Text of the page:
Minneapolis Public Schools is taking steps to address its declining enrollment numbers, especially among students of color.
In a Tuesday presentation, the school district laid out current enrollment trends. Among the findings was that around 1,500 enrolled students left for other districts since last year.
Of those students, 80 percent were students of color, with 50 percent being African American.
Meanwhile, Minneapolis Public Schools only attracted 734 students from other districts, leading to a net loss for the district.
To address these concerns, the district has convened a task force to encourage the recruitment and retention of these students.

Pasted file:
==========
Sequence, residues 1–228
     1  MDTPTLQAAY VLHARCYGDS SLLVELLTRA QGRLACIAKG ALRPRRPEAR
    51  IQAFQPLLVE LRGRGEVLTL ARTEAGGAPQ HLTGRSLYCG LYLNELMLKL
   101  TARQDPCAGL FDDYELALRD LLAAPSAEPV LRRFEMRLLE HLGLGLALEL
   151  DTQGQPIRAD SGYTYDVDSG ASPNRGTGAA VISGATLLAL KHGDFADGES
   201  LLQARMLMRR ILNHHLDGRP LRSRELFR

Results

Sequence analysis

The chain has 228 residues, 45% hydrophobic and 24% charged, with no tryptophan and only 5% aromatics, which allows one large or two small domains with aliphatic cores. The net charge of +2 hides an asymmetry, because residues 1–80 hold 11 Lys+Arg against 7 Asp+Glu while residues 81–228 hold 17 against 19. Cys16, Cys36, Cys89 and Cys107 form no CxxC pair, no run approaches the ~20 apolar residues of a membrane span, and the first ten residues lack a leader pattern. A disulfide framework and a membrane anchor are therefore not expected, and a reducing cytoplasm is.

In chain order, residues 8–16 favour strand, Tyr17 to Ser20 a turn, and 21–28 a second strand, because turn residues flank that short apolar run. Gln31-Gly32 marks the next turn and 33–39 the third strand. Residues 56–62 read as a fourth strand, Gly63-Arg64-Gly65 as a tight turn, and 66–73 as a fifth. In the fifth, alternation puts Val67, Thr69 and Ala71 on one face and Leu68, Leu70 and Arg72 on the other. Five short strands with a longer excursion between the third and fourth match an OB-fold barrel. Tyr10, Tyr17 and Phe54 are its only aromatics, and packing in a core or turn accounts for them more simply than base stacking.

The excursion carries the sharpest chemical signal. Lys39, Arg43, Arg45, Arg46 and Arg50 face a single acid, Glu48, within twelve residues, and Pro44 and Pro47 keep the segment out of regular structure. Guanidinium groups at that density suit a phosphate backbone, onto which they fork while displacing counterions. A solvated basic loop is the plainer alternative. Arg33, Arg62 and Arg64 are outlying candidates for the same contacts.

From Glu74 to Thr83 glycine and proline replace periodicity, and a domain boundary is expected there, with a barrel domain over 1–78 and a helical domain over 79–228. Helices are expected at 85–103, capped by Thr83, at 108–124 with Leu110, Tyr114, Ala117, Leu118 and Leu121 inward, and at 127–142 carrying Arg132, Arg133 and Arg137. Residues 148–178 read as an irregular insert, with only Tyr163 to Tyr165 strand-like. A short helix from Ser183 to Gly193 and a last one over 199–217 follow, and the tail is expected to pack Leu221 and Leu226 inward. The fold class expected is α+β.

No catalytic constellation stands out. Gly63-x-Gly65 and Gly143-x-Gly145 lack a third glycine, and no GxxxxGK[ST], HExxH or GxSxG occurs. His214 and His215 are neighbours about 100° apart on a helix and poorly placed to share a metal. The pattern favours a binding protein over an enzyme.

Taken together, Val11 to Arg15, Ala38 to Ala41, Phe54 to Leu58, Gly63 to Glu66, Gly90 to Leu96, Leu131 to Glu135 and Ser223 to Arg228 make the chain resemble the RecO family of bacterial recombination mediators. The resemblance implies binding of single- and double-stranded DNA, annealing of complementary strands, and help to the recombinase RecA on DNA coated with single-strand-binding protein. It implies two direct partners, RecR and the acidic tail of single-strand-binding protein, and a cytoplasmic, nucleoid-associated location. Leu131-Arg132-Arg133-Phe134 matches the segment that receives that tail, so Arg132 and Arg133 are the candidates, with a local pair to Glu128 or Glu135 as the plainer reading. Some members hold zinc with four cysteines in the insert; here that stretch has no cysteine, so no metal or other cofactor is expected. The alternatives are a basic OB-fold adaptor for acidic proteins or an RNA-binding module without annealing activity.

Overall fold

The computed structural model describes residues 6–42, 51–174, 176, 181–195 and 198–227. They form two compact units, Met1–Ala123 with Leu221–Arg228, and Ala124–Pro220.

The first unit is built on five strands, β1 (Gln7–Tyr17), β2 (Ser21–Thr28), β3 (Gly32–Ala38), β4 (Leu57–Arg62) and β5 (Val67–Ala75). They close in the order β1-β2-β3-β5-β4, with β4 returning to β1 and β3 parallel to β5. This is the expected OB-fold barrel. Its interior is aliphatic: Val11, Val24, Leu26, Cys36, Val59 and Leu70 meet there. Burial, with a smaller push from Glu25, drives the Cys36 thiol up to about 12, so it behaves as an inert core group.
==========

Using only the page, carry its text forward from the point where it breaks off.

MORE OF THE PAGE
The presentation also identified some of the top reasons for these students leaving the district: Issues with school discipline systems ("as applied to their own children and others"), unresolved family requests, transportation and proximity to school were all cited.
Other issues includes parents requesting transfers due to bullying concerns reported and never resolved.
While the district is already doing outreach work, including phone calls, digital ads and emails, the task force will be charged with taking a closer look at student recruitment and retention.
The task force will help establish training for faculty and staff, create a retention plan and examine enrollment by demographics at each school in the district.
While Minneapolis schools grapple with declining enrollment, nearby schools in the metro are seeing the opposite trend.
Just miles away at Wayzata Public Schools, a 2014 report estimated enrollment would grow to almost 13,000 students by the 2022-23 school year, an increase from 9,732 in 2006-07.